A 10-year-old harassing his friend during a heated game of Monopoly might sound like this:
"Look! You're not making any money on that utility! And now that everything else is mortgaged, you can't afford to build houses or even buy anymore property!"
A financial analyst arguing on CNBC might sound like this:
"Look - there's a pressing need right now to hold back on biotechnology investments and wait until there's an innovative product development!"
The difference? Besides a 30-year age gap, not a whole lot. Both pairs throw around a lot of business lingo without realizing it, and instantly put off most college students with their dry and daunting conversations. But don't be deceived by words like "financing," "interest" or "mortgage." They're more commonplace than you think, more interesting than you imagine, and chances are you probably know much more business lingo than you realize.
We are constantly assaulted with financial jargon without even thinking about it. Turn on the TV and watch commercials for the movies "Antitrust" or "Snatch," a Brad Pitt flick about a jewel heist.
Turn on the radio, and hear musicians pour on the business references like syrup. Deceased rapper Big Punisher talks about his "ten thou piece, Rent-out lease, with a option to buy" in his classic "Still not a Player." Jay Z has been "spending hundreds since they had small faces" and loves explaining the status of his bank account in songs like "Money Ain't a Thang" and "Hey Papi." Even Nelly feels obligated to plead "Bill Clinton, Donald Trump let me in now," during "Country Grammar."
In fact, wealth is not only mentioned in songs but elaborated in full detail. From Escalade cars to two-way Motorola pagers, from diamonds to Gucci footwear, rappers not only engage their listeners with business terminology, but also integrate money and assets in their music without deliberately trying to do so. Although this lingo becomes dense and complex when it's strewn about the Wall Street Journal, that's not the only place youngsters are getting their business education. Without realizing it, we are learning about it through catchy lyrics and songs, and applying it to our lives without blinking an eye.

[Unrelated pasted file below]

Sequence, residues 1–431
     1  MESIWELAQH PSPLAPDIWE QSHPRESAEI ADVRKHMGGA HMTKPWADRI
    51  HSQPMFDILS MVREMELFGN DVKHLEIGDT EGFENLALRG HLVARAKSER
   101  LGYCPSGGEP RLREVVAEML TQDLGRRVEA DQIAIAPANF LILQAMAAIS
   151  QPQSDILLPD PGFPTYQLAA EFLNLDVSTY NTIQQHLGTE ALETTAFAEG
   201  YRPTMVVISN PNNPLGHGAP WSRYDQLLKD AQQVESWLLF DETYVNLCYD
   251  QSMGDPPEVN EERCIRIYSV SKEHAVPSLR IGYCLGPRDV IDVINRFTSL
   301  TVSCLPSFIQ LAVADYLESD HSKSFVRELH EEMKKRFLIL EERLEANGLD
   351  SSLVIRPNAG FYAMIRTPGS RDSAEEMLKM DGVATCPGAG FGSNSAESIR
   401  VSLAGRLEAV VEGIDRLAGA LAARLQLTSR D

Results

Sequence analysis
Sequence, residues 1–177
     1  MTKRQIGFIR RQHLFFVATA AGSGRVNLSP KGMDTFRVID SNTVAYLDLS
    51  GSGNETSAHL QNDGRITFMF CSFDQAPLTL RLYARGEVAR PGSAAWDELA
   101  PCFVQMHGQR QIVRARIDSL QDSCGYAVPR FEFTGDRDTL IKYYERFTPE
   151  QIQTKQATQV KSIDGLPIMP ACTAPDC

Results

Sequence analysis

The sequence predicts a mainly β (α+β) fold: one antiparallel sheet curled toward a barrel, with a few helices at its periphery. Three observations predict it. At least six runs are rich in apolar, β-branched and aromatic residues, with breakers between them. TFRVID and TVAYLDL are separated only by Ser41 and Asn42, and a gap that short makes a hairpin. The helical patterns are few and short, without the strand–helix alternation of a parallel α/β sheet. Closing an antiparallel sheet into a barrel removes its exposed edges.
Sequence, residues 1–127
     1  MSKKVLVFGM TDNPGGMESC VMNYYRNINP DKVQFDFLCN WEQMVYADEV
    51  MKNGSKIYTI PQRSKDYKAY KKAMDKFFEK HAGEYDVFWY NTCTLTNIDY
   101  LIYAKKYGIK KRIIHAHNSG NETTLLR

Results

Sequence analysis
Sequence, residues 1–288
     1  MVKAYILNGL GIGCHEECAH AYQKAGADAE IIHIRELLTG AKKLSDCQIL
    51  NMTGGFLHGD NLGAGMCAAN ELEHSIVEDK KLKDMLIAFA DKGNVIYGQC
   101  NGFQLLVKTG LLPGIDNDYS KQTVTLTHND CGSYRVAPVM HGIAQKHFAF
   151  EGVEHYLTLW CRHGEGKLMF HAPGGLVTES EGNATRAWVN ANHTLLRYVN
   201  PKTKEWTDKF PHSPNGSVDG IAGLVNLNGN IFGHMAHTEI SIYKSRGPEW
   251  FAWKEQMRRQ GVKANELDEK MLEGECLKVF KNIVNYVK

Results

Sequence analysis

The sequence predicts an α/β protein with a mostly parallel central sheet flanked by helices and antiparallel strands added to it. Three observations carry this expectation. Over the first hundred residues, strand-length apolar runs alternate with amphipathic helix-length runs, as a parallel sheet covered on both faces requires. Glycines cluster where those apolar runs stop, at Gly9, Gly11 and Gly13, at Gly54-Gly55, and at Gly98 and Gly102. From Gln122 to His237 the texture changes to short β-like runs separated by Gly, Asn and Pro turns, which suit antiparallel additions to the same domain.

This oblivious interaction with business occurs everywhere, such as when we go to the grocery store and move through the credit card swiping process. To us, the words debit and credit simply mean "Which card should I pull out of my wallet?" Although the two words form the foundation of the entire accounting profession, as vital as the words "the" or "an" to a writer, to the layman this brief immersion in business lingo goes totally unrecognized.
Think about all the other places you use business lingo unconsciously. Your bank transactions might be simple, but a business buff might say that within five minutes you evaluated your account classifications, checked your monetary status, and reviewed your checks, balances, deposits and cash sums. Although this is a fancy way of saying "You just withdrew 20 bucks," the array of finance words instantly turn off young people.
"Oftentimes, college students pick the wrong banking option because they think they don't understand what the bank representative is talking about," said Anna Brooks, a customer service representative with Nations Bank in Herndon, Va. "Students might select a plan that doesn't offer them as much interest, or that isn't as flexible as they hope because they just want to race through the process of selecting an accounting plan. I think that's wrong - they should take the time to read the literature banks offer, because it's not as complicated as they may think."
Although the older generation might see this refusal of business understanding as young ignorance, some students see it as a deliberate need to pick and choose what they need to know about business.
"While we should be prepared to take responsibility for our personal finance in the future, worrying about 401Ks or IRAs right now is premature," said second-year College student Jason Inofuentes. "As long as you know how to pay your bills and balance your checkbook, you're pretty much set for the next 10 years."
Students want to assume the business profession is as technical as medicine, computer programming or law. Although a lot of business jargon is definitely complicated and meaningless to the average college studet, there is also a lot more that pervade our lives than we realize. Don't be intimidated by foreign-sounding business vocabulary. Instead, rather than tuning out when car commercials discuss "APR financing," or glossing over the bank statements that arrive in the mail, try to notice how business is intertwined in even your single day. That way when a child tries to trick his friend in a board game or a salesman tries to lure you into a risky payment plan, you can call both of them on how business jargon doesn't always spell bewilderment.